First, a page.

River Valley Pony Club celebrates 25 years

Published 4:44 pm Thursday, December 28, 2017

When it first started 25 years ago, the River Valley Pony Club (RVPC) was known as TLC Pony Club (for Tryon, Landrum and Columbus) and the members were all from the local area. Today, their roster of 42 members includes youngsters from as far away as Charlotte, Greenville and Asheville.

The club’s district commissioner (DC), Ivette Drumgool, said she believes there are two reasons for the far reaching influence of these riders. “There’s been a lot of smaller clubs in the area that have dissipated,” she said. “But the bigger reason is the kids and parents in this club who work so well together. They support each other, they love each other and they encourage each other constantly.”

According to ponyclub.org, the United States Pony Clubs (USPC), Inc. started in 1954 to teach riding and the proper care of horses. The main goal is to promote sportsmanship, stewardship and leadership through horsemanship. It is based on the British Pony Club, which is a junior branch of the Institute of the Horse and has expanded to many countries around the world.

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RVPC exemplifies these values of sportsmanship, leadership and stewardship. Drumgool said the members not only learn to improve their riding skills but participate in many leadership and service activities as well. Some of these include selling programs at the Blockhouse Chases to raise club funds and sponsoring hunter paces, winter camps and rallies.

A portion of the club’s hunter pace proceeds goes to support Therapeutic Riding of Tryon (TROT) and the club fosters a conservation and land stewardship program through Foothills Equestrian Nature Center (FENCE).

The members of RVPC participate in mounted and dismounted meetings, including teaching sessions and clinics, such as the recent clinic with Olympian Karen O’Conner. Drumgool said many local equine businesses have stepped up to help the club not only with financial support, but also by offering places for meetings and instruction.

She said among those who help the club with teaching and/or donations include Aaron Langely, DVM, from Appalachian Equine, Farm House Tack, the Tryon International Equestrian Center, Tryon Equine, The Hare and the Hound, Ivy Summerall, Margot Savage, The Tryon Hounds and the Tryon Riding and Hunt Club.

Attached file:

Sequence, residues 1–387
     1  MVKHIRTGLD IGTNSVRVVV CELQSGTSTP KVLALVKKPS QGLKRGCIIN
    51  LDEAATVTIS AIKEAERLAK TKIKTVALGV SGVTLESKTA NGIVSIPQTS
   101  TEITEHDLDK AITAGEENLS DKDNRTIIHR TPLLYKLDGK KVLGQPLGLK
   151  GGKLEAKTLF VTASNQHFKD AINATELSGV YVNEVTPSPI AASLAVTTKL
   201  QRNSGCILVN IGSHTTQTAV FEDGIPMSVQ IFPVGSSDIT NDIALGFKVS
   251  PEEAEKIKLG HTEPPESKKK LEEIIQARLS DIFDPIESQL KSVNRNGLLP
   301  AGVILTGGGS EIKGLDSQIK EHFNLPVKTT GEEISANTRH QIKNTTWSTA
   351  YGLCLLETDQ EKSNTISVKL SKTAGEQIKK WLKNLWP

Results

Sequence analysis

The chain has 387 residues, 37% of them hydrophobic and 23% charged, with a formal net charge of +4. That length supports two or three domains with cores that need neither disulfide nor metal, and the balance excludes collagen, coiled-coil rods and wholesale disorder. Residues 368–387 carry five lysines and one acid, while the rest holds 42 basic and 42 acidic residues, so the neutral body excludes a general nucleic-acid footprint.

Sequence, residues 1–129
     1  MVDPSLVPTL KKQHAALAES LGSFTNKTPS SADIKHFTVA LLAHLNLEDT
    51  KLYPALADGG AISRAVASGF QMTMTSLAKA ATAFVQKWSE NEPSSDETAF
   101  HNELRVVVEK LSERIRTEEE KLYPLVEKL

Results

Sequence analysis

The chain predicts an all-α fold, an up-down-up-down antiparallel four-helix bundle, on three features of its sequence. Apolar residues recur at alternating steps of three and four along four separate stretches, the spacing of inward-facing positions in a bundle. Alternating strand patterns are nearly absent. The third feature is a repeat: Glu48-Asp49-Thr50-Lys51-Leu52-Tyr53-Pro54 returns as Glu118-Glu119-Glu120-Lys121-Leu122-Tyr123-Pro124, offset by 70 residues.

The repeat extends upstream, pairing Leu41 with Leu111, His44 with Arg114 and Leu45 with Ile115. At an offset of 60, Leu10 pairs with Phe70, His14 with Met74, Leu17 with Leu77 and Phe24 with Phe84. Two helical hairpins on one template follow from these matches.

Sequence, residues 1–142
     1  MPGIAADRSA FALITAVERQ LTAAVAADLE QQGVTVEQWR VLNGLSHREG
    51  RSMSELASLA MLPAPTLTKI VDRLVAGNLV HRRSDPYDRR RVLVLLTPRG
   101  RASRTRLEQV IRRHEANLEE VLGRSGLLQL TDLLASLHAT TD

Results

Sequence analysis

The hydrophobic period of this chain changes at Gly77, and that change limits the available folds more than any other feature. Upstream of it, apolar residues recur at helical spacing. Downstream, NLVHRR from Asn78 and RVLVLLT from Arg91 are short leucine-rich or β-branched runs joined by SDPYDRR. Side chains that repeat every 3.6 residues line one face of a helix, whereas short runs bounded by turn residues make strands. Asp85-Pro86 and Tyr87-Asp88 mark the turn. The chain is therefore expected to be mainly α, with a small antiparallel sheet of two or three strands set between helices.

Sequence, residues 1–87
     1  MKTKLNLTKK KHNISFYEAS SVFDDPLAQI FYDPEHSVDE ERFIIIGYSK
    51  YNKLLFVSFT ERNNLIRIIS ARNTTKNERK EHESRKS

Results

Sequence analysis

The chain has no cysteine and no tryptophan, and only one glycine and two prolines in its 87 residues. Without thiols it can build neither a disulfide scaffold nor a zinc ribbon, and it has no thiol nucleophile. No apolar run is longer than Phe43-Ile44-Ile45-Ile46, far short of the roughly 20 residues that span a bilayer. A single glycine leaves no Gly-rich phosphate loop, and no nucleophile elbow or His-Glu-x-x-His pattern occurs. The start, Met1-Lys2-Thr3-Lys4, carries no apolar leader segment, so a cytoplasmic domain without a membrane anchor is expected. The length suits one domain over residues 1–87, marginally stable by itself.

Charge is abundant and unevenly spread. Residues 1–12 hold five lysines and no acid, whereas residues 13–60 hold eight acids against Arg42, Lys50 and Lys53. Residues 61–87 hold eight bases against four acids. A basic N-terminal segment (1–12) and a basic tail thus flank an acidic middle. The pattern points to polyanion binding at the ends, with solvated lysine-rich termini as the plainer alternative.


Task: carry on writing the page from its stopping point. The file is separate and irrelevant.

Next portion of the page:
The club holds many of its dismounted meetings at the Hare and the Hound. Many of their riding events take place at FENCE and Still Creek Farm and Renovatio Farms have opened their facilities for mounted meetings. Renovatio Farms owners, Tracye Doubek and Eric Dierks, help with the teaching as well.

This year Tryon Hounds is helping the club members participate in the annual Live Oak Hounds USPC Foxhunting Challenge. The challenge is designed to encourage Pony Club members who do not regularly hunt to try the sport, and to reward members who hunt on a regular basis, to act as mentors to the less experienced pony clubbers. The challenge gives $10,000 in awards to the top Pony Clubs who regularly take the greatest number of active Pony Clubbers out hunting. Mr. and Mrs. C. Martin Wood III, Joint Masters of the Live Oak Hounds in Monticello, Fla., and past presidents of the MFHA support the challenge.

Though it has had many changes since it first started as TLC Pony Club, today’s RVPC continues to help its members succeed, not only with horses, but with life. The club currently has 10 members designated as “Horsemasters,” which are members who are over the age of 18 and still want to be a part of Pony Club. Over the years the club has won many competitions and awards including first and second prizes in regional quiz competitions.

As Drumgool begins her third year as DC she said in the years her daughter, Rebecca Drumgool, has been active, she’s seen the members accomplish quite a lot. Many of the members have gone on to have professional careers in the equine industry. She added that in addition to the leadership and horsemanship skills RVPC members gain, they also learn life skills.

“In the rallies, everyone was astonished. Those kids are dropped off at the barn with no parental supervision and they set up the stalls and tack room themselves,” she said. “They learn to work with people from all different walks of life, ages and skill levels. They also learn practical things such as how to change a tire on a horse trailer.” •

Catherine Hunter’s journalism career spans 20 years of writing for newspapers and magazines, including The Chronicle of the Horse, The Western Horseman, the Tryon Daily Bulletin and Foothills Magazine. In 2000, Hunter received a South Carolina Press Association award for reporting in depth. She is the author of “Sacred Connections Horsemanship: Empowering Horse and Rider through Chakra Energy.” Email her at catherine.hunter@tryondailybulletin.com.